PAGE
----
By Tafi Mhaka
Back in 2000, as a teacher at Sagambe Secondary School in Honde Valley, I discovered that rural teachers struggled to survive on a month’s salary. So payday meant so much to everyone.
Despite residing at their workplaces and not paying utility bills, teachers clearly always had limited disposable income and just didn’t exhibit substantial material progress.
Sometimes, beyond a bed and the clothes on their back, most had nothing to show for their education and hard work. They simply could not afford to buy cars and houses or build up considerable savings in the bank.
The meagre compensation and benefits on offer just didn’t allow for that and barely matched the professional demands of the job.
Every day I watched my colleagues work hard to mentor a generation of capable and disciplined pupils in very challenging circumstances.
And I established mental frames of the richly rewarded professionals they may have become in better situations: engineers, geologists, lawyers, managers and statisticians.
For it was not for a lack of trying or intellect that they had graduated from college as teachers and found themselves struggling to do well financially: in many instances their parents or guardians just lacked the financial means to pay for A Level studies.
So after attending a teacher’s college, they had to make the best of a promising but truly difficult situation.
Sadly, today, after 20 years, payday still means a lot to teachers.
A very huge deal, in fact.
But the situation is far worse off and much less hopeful than I had ever imagined back then.
That is because in 2020, teachers earn far less money comparatively, but the cost of living is extremely high.
Last week the Amalgamated Rural Teachers’ Union of Zimbabwe (Artuz) asked President Emmerson Mnangagwa to dismiss finance minister Mthuli Ncube within seven days or face crippling protests by members of the association.
The organisation, which is set to embark on demonstrations between March 23 and 27, said, “Our salaries were slashed from over US$500 to the now US$55”.
This is terrible.
Never mind investing in stock market options or a retirement policy, how can anyone fend for a family of four or five on a salary of $US55 a month and build up substantial savings at the same time?
What’s more, assuming a teacher has two or three children of school or university-going age, how is he or she supposed to afford tuition or boarding fees on that shockingly low salary?
It is simply an unsustainable, depressing and demeaning situation.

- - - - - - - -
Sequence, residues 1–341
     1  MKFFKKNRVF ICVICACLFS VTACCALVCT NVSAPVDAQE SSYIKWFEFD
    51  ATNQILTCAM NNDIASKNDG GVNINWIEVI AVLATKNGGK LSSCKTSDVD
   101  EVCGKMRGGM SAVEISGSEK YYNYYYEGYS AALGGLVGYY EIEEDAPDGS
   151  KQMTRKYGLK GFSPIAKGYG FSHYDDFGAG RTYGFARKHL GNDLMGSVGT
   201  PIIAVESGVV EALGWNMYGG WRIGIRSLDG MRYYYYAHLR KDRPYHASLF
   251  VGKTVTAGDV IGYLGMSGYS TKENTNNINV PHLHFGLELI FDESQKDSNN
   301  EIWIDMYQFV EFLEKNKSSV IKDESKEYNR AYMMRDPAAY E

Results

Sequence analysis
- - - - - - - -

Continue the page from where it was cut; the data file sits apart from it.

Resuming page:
But things weren’t always so bad for teachers.
In the 1980s, a rural teacher could well afford to enjoy a decent and dignified lifestyle.
So could Zanu-PF leaders and top civil servants.
Tellingly, however, while working conditions and remuneration for teachers have regressed massively, the governing elites have grown incredibly richer and they drive bigger and better cars and live in grand multimillion-dollar mansions.
This is embarrassingly shameful and teachers must demand better pay and improved working conditions.
So Artuz, it must be stressed, has the right idea: somebody high up in government must be held accountable for the poverty imposed on teachers.
However, Ncube is not the problem. Zanu-PF is.
Let us get that right from the get-go: Zanu-PF is to blame for Zimbabwe’s widespread social, economic and political problems.
He may be an outwardly brash, arrogant and despicable man, who has indeed failed to resuscitate Zimbabwe’s economy, but Ncube just doesn’t have the mandate or clout needed to enact the reforms required to get the US and EU to lift targeted sanctions on Zimbabwe.
That largely unfulfilled, critical responsibility lies with Zanu-PF’s leadership and politburo.
So while it is tempting to deliberate on Ncube’s failings and skirt around Zanu-PF’s culpability in this disastrous economic crisis, it won’t change a thing.
And while it is tempting to believe that a new finance minister might turn things around, they actually wont.
As long as Zanu-PF doesn’t implement extensive media, security and political reforms, teachers are doomed to earn very little money for the next 20 years as well.
Should it decide to publicly express its disapproval of the state of the economy, Artuz must instead call on Zanu-PF to either implement comprehensive reforms or hold a fresh, free and fair election.
Still, Artuz must be commended for its willingness to take the bull by its horns and organise demonstrations.
With any luck, one day soon, payday will, once again, bring joy to teachers’ lives.
Until then, Artuz must fight on.
Tafi Mhaka is a Johannesburg-based writer and commentator. His debut novel,
Mutserendende: The African in Us, will be published in 2020.